Thyroid Disorders Community
TSH levels
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This patient support community is for discussions relating to thyroid issues, goiter, Graves disease, Hashimoto's Thyroiditis, Human Growth Hormone (HGH), hyperthyroid, hypothyroid, metabolism, parathyroid, pituitary gland, thyroiditis, and thyroid Stimulating Hormone (TSH).

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TSH levels

I have been dizzy, light-headed, nauseous for about a week. Went to Dr. and she "determined" that I have Vertigo; but then she said my TSH level was 42.03 which she says is "off the chart" and has increased my Synthroid.  It has been four days since I started the new dosage plus Meclizine for Vertigo and I feel no different.  I really don't understand the levels of TSH and wondering if I am really off the charts or maybe I should be looking at something else causing my problems.  Any suggestions?
Tags: TSH, Synthroid
4 Comments Post a Comment
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Avatar_m_tn
Understand that TSH is a pituitary hormone that is affected by so many variables that it is totally inadequate as the sole diagnostic for thyroid issues.  At best it is only an indicator to be considered along with more important indicators such as symptoms and also levels of the biologically active thyroid hormones, Free T3 and Free T4.  In spite of the doctors relying on TSH so heavily, it cannot be shown to correlate well with either Free T3 or Free T4, much less with the more important concern, which is symptoms.  

That said, when TSH is as high as your, that is a fairly good indication that your are hypothyroid and require thyroid meds adequate to raise your Free T3 level high enoug in the range to relieve symptoms and raise your Free T4 level to around the middle of its range.  So I would not look further than your hypothyroid status until you get your Free T3 and Free T4 levels optimal.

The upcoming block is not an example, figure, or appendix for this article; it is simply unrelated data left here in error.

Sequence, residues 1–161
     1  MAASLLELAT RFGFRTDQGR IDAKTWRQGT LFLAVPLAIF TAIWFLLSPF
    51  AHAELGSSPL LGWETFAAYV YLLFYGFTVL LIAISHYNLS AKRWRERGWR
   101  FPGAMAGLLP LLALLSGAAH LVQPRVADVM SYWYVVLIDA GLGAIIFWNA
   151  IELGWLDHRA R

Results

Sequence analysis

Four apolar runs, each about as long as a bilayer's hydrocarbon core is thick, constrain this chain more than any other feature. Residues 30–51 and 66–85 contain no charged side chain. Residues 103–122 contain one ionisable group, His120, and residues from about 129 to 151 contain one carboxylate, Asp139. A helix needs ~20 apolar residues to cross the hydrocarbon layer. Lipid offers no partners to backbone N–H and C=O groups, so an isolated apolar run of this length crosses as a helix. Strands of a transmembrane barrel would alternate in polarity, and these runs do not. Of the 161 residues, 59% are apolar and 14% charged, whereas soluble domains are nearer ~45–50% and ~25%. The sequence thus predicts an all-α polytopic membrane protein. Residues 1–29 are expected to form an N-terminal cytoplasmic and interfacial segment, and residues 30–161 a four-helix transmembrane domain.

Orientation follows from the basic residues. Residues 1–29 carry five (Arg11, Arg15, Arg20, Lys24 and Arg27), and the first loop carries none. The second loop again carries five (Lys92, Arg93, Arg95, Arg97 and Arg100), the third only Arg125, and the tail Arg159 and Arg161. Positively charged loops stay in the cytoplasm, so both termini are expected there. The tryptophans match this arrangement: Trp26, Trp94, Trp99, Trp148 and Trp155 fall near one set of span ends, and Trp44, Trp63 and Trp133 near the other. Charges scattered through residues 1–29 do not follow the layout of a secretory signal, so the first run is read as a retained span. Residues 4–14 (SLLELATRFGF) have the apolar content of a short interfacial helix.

As for you noticing no effect on the new dosage, T4 meds have a half-life of about a week.  That means that it takes about 4 weeks to build up to about 90% of its final effect on your blood level.  

I suggest that you should  request to be tested for Free T3 and Free T4 each time you go in for tests.  If the doctor resists, just insist on it and don't take no for an answer.  Since hypo patients are frequently low in other areas as well, you should also request to be tested for Vitamin D. B12 and ferritin.  Also, since Hashimoto's Thyroiditis is the most common cause for diagnosed hypothyroidism, if you haven't been tested for the thyroid antibodies, you should do so.  Those tests are TPO ab and TG ab.

If you will get those tests done and post results and their reference ranges shown on the lab report members will be glad to help interpret and advise further.  



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Avatar_f_tn
Did you doctor determine that you have BPPV?  If so, there's an exercise you can do to help stop the vertigo.  It worked wonders for me.  Let me know if you want details.
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Avatar_f_tn
I believe i have a thyroid problem ...finally i think after many months suffering i may have found the answer. no doctor has diagnosted this. how do i get my dr to give me a test. sometimes i suggest i may have a certain condition and my dr will dismiss it. what do i say to a dr that will get him to test my thyroid. i have so many symptoms that i have now seen on line and im suffering daily. please help.
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Avatar_m_tn
I think I would make a copy of this listing of 26 typical hypothyroid symptoms and mark each one you have.  Then take a copy of it to the doctor and emphasize to the doctor that you have all those hypo symptoms, and need to be tested to determine the cause and also to determine levels of  your biologically active thyroid hormones (Free T3 and Free T4), along with TSH.  To determine if the cause is Hashimoto's Thyroiditis, which is the most common cause, the tests are TPO ab and TG ab, for the thyroid antibodies.  If possible it  would also be good to test for Vitamin D, B12 and ferritin.

If you are ble to get those tests done, when the results are available, please get a copy of the lab report and post results and their reference ranges shown on the report, and members will be glad to help interpret and advise further.
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